your question is in the right spot. this is a VESC/nunchuck thread.
I use it frequently and it activates only after you came to a standstill. The VESC is not breaking unless you’re doing it yourself. It’s just going into neutral position.
It’s a useful feature for example when you want to step back a little bit when crossing a street and you are waiting for traffic to disappear. Or irritating other people.
Thx @elkick that’s exactly what I was wondering!
@joren check out the information above with regards to the nunchuck dongle.
I suggest that you do something similar with your wiiceiver soldering the receiver direct to the PCB for optimal reliability.
Is anyone able to show how to wire the wii receiver to a duel VESC setup?
Check this out
Not sure how useful this is, but I found this thing which I believe can connect into the receiver and expose the pinouts so that you don’t have to dismantle the receiver: https://www.sparkfun.com/products/9281
You still have the solder the connections, but it makes it more modular and if you ever need to replace the transmitter/receiver you can just plug it in instead of unsoldering and resoldering.
Even better, couldnt the VESC be redesigned to just take the receiver as a slide on connection? Do away with all the need for wiring, solder connections etc…
That thought has crossed my mind as well. Having a built in connector like the wiiceiver would be a good idea for those wanting to retain the integrity of their wireless nunchuck receivers. Couldn’t someone just modify his pcb design since it’s all open source? I wouldn’t be surprised if it’s been done already.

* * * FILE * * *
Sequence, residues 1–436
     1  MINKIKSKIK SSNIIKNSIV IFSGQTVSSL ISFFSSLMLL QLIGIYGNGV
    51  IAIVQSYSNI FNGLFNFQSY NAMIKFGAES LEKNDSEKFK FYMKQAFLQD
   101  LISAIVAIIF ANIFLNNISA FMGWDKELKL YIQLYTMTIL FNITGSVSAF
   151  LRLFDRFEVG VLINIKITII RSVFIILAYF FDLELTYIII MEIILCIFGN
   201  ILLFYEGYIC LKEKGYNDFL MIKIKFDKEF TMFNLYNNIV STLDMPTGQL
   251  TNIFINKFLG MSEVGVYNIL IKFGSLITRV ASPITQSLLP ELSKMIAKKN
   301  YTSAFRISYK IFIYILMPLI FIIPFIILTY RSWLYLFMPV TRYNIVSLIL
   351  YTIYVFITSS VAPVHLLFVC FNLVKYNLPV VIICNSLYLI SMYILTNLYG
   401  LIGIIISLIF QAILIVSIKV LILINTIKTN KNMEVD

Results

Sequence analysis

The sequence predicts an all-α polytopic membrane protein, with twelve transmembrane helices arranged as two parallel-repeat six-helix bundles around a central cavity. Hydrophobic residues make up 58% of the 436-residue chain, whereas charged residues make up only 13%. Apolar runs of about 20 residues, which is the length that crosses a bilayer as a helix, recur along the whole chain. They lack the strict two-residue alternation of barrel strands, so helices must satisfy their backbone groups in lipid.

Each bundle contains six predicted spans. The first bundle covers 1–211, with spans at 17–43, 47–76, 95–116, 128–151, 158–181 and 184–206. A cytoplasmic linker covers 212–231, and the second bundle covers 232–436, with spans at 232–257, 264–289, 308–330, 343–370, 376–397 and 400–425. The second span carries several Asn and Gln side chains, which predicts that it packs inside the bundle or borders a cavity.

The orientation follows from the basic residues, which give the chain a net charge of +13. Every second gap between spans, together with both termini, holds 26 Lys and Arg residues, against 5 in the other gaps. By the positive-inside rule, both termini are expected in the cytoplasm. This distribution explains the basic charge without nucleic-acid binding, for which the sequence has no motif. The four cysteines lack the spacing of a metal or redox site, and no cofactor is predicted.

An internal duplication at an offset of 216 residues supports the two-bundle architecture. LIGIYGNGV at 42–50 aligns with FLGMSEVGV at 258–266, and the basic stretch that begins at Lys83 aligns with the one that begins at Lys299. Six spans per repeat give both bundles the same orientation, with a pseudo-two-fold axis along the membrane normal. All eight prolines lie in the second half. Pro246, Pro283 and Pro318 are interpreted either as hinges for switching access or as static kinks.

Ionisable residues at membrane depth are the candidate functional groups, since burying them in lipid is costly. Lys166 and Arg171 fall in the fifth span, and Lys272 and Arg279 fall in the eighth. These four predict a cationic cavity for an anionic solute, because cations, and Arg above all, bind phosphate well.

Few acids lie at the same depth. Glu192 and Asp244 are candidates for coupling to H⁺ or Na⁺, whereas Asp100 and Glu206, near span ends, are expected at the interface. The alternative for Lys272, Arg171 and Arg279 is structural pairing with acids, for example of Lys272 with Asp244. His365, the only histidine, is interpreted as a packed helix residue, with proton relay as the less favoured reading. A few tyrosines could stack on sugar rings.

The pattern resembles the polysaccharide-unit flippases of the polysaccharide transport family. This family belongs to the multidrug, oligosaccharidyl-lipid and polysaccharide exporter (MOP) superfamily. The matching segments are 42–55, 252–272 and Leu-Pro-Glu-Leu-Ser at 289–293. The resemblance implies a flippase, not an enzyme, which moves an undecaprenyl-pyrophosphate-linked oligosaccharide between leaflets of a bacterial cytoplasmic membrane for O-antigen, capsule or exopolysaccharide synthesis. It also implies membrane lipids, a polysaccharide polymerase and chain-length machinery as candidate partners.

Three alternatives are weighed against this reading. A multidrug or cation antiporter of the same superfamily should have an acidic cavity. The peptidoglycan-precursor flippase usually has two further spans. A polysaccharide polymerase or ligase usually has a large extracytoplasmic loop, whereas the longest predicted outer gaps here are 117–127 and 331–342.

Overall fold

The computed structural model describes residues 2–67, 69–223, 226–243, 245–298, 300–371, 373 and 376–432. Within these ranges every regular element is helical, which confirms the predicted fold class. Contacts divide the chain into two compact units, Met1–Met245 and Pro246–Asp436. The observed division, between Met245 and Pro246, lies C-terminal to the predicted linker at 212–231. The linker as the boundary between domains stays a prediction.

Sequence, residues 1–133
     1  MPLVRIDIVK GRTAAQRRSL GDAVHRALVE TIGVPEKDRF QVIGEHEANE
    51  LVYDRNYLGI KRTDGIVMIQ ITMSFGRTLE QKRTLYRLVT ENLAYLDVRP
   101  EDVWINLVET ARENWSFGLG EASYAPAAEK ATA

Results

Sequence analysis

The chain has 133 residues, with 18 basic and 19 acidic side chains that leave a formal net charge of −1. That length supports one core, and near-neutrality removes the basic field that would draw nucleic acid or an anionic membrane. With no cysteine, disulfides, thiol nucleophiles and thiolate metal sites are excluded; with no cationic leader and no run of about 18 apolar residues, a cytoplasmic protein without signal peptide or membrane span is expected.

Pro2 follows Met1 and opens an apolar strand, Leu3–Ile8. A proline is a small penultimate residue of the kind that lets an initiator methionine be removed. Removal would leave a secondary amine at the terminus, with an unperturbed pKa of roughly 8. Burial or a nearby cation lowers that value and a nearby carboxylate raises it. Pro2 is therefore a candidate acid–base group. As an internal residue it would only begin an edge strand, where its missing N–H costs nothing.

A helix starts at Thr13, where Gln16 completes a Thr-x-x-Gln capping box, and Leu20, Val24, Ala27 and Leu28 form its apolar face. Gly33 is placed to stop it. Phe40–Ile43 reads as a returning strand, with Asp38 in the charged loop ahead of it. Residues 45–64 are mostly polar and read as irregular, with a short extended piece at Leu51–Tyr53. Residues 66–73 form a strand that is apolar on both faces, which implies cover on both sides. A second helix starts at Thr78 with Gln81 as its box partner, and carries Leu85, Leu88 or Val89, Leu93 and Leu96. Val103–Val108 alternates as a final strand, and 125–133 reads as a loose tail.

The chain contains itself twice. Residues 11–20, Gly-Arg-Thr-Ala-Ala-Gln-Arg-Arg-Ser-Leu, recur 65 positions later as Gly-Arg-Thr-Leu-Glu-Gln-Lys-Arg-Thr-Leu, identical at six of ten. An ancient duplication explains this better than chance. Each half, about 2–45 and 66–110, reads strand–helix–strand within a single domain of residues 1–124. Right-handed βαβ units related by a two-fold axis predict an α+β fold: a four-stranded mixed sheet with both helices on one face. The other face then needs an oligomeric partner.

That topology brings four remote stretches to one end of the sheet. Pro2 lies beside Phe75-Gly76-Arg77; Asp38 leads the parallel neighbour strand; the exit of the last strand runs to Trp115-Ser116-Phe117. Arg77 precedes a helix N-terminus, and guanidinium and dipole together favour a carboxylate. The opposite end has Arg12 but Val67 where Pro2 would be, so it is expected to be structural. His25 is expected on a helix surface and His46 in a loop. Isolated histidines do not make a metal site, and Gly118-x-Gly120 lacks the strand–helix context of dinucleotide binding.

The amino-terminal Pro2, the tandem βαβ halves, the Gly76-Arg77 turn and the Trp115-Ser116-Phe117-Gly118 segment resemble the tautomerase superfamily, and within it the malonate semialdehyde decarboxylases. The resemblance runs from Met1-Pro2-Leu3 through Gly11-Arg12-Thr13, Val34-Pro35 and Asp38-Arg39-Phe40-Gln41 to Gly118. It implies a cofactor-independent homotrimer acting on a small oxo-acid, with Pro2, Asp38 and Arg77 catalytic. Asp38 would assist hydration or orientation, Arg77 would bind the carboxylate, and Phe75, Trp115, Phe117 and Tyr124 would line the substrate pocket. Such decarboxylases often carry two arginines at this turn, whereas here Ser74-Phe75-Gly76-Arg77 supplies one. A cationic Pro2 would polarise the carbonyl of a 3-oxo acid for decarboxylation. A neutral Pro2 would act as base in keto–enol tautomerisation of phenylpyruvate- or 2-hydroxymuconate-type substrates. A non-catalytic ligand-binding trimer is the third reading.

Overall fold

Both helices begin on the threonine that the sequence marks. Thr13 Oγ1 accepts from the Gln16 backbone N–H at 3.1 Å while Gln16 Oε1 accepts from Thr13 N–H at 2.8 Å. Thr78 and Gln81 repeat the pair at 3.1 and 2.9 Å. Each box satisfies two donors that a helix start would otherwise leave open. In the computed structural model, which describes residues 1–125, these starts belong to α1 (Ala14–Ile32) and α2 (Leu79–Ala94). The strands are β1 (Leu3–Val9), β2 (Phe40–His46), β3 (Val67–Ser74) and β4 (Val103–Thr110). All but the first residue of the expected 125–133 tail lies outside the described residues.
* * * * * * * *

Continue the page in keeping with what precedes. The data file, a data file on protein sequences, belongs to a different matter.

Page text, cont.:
this is a bad idea guys. it sounds nice, but the socket will introduce a lot of dropouts and general problems.
myself, and almost all of my friends have slammed because of a slide on wiiceiver socket.
solder on and save lives.
I have heard about the intermittent issues of the wiiceiver. So are those issues actually due to the wii socket itself losing connection temporarily or is it due to something in the wiiceiver pcb ?
Also does anyone have a guide to dismantle the receiver? Do you just break the plastic ?
dismantling the dongle is easy… they literally just pull apart… no tools required.
Ah I see. I tried pulling it apart last night but I couldn’t do it. Maybe I need to pull harder.
there is a ring over the top of the plug that just slides off and the the 2 halves split apart. just apply brute force…
Yep. You just need to slip the ring off, then slide your nail into the crack and then lever them apart. Nothing more. DON’T go in deep with a knife as the contents inside are all a bit weak and flimsy and could easily be damaged.
Gently does it! Good luck!
I ended up prying it apart by using a string in the crack and then wrapping it around my hand and pulling it apart.
I’ve soldered the Nyko PCB to the VESC but I am still getting drop outs, even with lots of hot glue to keep things in place. What other influences would cause the nunchuck to loose connection for short moments? I also have a GT2B receiver hooked up which could potentially be interfering.
Thats strange. In all of my builds i have always used a nyko kama. At first i used the slide on plug and was getting dropouts. After soldering I very rarely get any droppouts at all. I went back to riding my original prototype. And it was dropping out every couple of minutes. I couldnt believe how bad it was. So i soldered that one on too. And behold no more droppouts. However I have never used a VESC or a GT2B so I cant coment on those.
…one day my VESC will come.
Edit: how good is your soldering. ? If you have dry joins you may still get droppouts. I am a soldering boss so I wouldnt have that problem.
Please excuse my ignorance, but what does “solder it to the VESC” mean exactly ?
Is there another way ?
Yes, use torqueboards wiiceiver. It means that you take the pcb out of the receiver and solder it directly to the vesc. Search up what solder means.
I’m pretty sure this is how it’s done let the pro’s chime in though.